Oh, Wendy, that sounds awful. I’m glad in some ways I know he wasn’t in the bedrooms or in Flea’s room – it doesn’t feel quite so bad, somehow. Bad enough, mind.

  4. Minerva Collection
    6th August 2012 / 6:13 pm

    It is absolutely ridiculous. I hope you’ll be able to feel safe in your home again.

    • 6th August 2012 / 9:48 pm

      Thanks. We’ll be good, I’m sure.

  5. 6th August 2012 / 5:16 pm

    I totally get where you are coming from. Your circumstances were far more awful than mine, which almost seems laughable but the HOW DARE THEY sentiment remains the same. I blogged a rant too – yours is a little more restrained! The police were really good, actually arrested someone the same night and gave me his name. I’m so pleased they caught this scumbag but it’s disgusting that he isn’t locked up
    Indefinetly. Mind you, being homeless, it might be why he keeps reoffending. Where else will he get a warm bed and three meals a day.

    I hope you find peace of mind soon xx
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    • 6th August 2012 / 9:44 pm

      Thanks – I do actually feel a degree of sympathy for someone who has no network, no family, no fixed abode – of COURSE I do. But to appeal against a sentence and argue that you want to be reformed, and consistently then break into people’s homes within days of release – ugh. It’s just not on.

  6. 6th August 2012 / 5:16 pm

    Awful to think someone with a record like that was downstairs whilst you slept!?! Urgh am so angry right now , you have every right to rant! How awful to think the guy was let out so recently and went straight back to committing crimes.
    I wonder if it is normal practise for the police to tell the victim who the robber is? What if you decide to settle it yourself? Not saying you’re the type to don knuckle dusters and a blow torch but hey!

    • 6th August 2012 / 9:45 pm

      I am not sure why they let slip the name- I guess I need to work on my menacing demeanour!

  7. 6th August 2012 / 5:18 pm

    Ooo something went wrong. I didn’t recently post 31 weeks- I’ll put Rachelradiostar as my
    Name in case that was it.
    Rachel xx
    Rachelradiostar recently posted..Crime – Does it pay?My Profile

    • 6th August 2012 / 9:45 pm

      *confused*

  8. 6th August 2012 / 5:19 pm

    Thats awful, I hope little one and yourself are ok mentally, the justice system is pants over here, someone like him should have his hands cut off and if he has so many issues with drink, homelessness etc he needs some help via a mental health unit in my opinion xxxx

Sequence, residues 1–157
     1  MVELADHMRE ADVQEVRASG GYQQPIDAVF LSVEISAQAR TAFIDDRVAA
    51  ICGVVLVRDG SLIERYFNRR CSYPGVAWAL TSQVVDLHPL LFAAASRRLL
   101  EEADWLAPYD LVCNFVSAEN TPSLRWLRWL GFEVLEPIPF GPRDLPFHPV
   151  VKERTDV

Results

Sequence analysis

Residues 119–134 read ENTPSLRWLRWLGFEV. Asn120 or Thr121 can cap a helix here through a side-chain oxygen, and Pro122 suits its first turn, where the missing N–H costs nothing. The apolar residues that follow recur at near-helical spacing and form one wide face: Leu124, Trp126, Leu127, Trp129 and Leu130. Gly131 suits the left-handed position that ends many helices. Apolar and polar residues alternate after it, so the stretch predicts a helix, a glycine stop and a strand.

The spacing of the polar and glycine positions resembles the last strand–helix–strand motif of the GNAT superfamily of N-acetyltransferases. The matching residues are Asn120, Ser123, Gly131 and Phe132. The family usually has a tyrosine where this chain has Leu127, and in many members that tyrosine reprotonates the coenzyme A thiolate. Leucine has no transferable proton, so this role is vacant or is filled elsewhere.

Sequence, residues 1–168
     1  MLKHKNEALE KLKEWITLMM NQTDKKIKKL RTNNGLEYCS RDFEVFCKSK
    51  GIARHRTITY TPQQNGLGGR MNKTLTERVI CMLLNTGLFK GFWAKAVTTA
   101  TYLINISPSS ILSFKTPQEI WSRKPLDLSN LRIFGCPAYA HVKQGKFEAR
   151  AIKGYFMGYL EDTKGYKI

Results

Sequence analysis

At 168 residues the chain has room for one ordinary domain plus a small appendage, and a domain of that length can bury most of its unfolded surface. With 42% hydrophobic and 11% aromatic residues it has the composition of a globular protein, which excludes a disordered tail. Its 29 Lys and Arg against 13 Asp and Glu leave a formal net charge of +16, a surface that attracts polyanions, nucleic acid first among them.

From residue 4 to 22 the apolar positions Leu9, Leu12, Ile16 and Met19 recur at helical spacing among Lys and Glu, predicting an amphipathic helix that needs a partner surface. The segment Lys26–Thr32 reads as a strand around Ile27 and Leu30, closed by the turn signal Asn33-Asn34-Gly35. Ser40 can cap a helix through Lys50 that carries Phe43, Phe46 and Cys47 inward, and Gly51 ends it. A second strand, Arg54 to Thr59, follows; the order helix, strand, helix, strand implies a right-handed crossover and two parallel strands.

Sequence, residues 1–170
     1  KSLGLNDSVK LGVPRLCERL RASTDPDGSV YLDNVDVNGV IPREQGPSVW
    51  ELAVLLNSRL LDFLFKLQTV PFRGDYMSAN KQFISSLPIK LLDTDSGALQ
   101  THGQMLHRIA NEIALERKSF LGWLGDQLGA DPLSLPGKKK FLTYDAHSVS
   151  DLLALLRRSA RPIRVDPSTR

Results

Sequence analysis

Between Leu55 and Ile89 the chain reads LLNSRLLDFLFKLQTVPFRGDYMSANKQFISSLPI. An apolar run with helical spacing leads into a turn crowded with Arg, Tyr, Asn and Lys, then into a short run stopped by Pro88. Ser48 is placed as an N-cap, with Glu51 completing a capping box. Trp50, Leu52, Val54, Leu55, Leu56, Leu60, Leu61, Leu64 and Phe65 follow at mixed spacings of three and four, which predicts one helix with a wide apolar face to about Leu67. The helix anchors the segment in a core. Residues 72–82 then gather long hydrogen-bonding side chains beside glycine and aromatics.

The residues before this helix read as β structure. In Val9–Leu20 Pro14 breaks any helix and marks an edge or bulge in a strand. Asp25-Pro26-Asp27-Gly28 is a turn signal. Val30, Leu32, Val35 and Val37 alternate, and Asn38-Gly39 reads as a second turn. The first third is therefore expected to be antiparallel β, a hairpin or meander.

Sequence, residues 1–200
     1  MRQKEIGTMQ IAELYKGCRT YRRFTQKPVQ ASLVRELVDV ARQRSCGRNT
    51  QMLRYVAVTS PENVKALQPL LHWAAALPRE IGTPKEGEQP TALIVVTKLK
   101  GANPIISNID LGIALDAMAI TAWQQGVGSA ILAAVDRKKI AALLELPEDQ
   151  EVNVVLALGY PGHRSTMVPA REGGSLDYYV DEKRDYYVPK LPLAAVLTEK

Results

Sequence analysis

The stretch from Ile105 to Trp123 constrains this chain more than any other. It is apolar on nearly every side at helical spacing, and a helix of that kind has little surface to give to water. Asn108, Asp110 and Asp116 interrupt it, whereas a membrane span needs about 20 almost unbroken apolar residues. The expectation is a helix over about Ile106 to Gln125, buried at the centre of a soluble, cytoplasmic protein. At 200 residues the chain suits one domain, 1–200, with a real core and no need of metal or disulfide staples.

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    • 6th August 2012 / 9:45 pm

      Thanks, lovely.

  9. Molly
    6th August 2012 / 5:20 pm

    Rubbish thing to go through. I remember being burgled back when I was a kid – I was old enough to understand but young enough not to be able to rationalise it. For ages I’d be terrified to be the last one to fall asleep in the house, in case I came face to face with a burglar again. Good you got your stuff back though.

    • 6th August 2012 / 9:45 pm

      Yes, hopefully things will be back to normal soon.

  10. 6th August 2012 / 5:22 pm

    So sorry this happened Sally…
    You’re right…you right to feel safe is more important than his right to a second chance. Here’s hoping a more sensible judge sentences him this time.
    Take care, Karen

    • 6th August 2012 / 9:46 pm

      Thanks – I really hope he gets the book thrown at him.

  11. Nikki
    6th August 2012 / 5:31 pm

    Hi Sally,

    So sorry to hear about this – I hope you are bearing up, such a horrid feeling. Also hope Flea is ok – not sure why but my 7 yr old takes worrying things to heart and I know something like that would seriously worry her. Big, gentle – and no contact of course, hugs. xxxx

    • 6th August 2012 / 9:46 pm

      Flea thought it was a grand adventure and believes her pointing out the fingerprints was CRITICAL in cracking the case 🙂

      • Nikki
        8th August 2012 / 8:55 am

        Bless her…..hope all has settled down a bit now – and that you get your belongings back soon.

  12. Diane
    6th August 2012 / 5:32 pm

    Ugh, that’s awful, and so scary to think of him in the house while you were asleep. I’m so glad they caught him and can hopefully send him back to prison for a bit longer this time! I’m all for rehabilitation (in part because I don’t want criminals sent back out to offend like this) but someone should also be punished for having committed that many crimes.